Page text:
The Secret Service is more than black sunglasses, earpieces, and two-piece suits.
They're also an elite team of investigators solving some of the nation's biggest crimes.
Sometimes, using nothing more than a blot of ink.
Here we are: the lobby of the Secret Service.
These were the only authorized shots we could get.
Upstairs, in the lab, we got to see all the high-tech machines analysts use in forensic investigations.
They have names with things like 8,000 after them so you know they're complicated.
Did you film a printer?
The lab includes people like Trista, who specializes in handwriting analysis to investigate threat letters or ransom notes.
Jeffrey investigates fraudulent items like IDs, traveler's checks, credit cards.
And Irina, she works in the International Ink Library.
My name is Irina Geiman.
I am a document analyst with the United States Secret Service.
The Secret Service has the largest ink library in the world.
There are over 12,000 inks that are currently in the collection.
This includes pens, bottled ink, and printer cartridges.
Basically, this team of scientists is using ink to help solve crimes.
Unh-uh, no, don't do that.
OK, so here's an example.
Someone writes a threatening letter to the President.
Irina will sample that ink and then compare it to her collection.
Exactly, she can figure out what kind of ink was used, and, hopefully, it helps solve the case.
Here's another ink-xample.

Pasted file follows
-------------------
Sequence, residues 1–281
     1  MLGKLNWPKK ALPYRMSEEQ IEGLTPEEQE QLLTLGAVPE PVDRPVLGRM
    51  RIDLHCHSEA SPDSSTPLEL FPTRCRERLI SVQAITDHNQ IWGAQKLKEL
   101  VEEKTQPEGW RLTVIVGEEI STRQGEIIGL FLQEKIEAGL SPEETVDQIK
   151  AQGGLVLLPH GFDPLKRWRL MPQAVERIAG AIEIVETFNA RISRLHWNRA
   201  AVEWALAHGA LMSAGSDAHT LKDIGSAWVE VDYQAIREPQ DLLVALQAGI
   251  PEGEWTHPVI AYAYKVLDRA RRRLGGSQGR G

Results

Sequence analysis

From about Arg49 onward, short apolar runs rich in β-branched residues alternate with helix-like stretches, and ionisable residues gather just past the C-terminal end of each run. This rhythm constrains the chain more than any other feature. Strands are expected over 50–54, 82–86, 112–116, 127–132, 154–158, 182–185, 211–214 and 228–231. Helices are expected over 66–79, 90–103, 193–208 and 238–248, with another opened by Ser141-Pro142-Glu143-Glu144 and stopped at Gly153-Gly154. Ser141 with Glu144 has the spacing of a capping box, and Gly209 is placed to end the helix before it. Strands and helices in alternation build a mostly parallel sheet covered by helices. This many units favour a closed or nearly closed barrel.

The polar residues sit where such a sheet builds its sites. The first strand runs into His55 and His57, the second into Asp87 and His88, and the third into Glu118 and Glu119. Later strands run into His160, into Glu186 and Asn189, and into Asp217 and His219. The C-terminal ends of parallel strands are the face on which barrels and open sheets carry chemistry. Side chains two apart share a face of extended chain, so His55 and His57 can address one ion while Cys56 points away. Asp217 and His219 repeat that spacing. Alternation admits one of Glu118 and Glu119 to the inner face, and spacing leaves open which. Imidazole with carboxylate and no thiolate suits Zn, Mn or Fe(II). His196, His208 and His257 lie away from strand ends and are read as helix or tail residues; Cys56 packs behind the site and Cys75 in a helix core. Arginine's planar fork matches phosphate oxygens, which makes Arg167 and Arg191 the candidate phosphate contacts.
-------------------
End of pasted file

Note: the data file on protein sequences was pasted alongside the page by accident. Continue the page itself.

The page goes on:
Nope, gimme that script.
The most counterfeited bank note within the United States is $20, and it's printed with inkjet, which means somebody takes their very simple at-home printer and decides to print money.
Irina can compare the counterfeit currency to any printers found at the scene of the crime and help make a match.
OK, time for a little science.
Here's why you need 12,000 samples of, let's be honest, mostly black ink.
A lot of the black inks are not just black.
They're actually a collection of different color components.
There could be blues then reds and yellows, and maybe a little bit of green.
Irina can, for lack of a better term, sequence black ink like you would DNA, and find the exact breakdown of color.
That's how she can make a match.
So what appears black at a first glance is actually extremely different on the inside, and it's really fun, as a chemist, to be able to take the ink apart and see how it's made.
I'm a nerd at heart.
I love the chemistry of it.
I love the mystery of solving a case.
I just really love what I do.
So it may not look exactly like it's on TV, but it's really fun to be in a lab and to be able to do the analysis and to be able to help and assist all the law enforcement agencies that I work with daily.
So, Irina, can you give us any more examples?
It's on a need to know basis, and you do not need to know.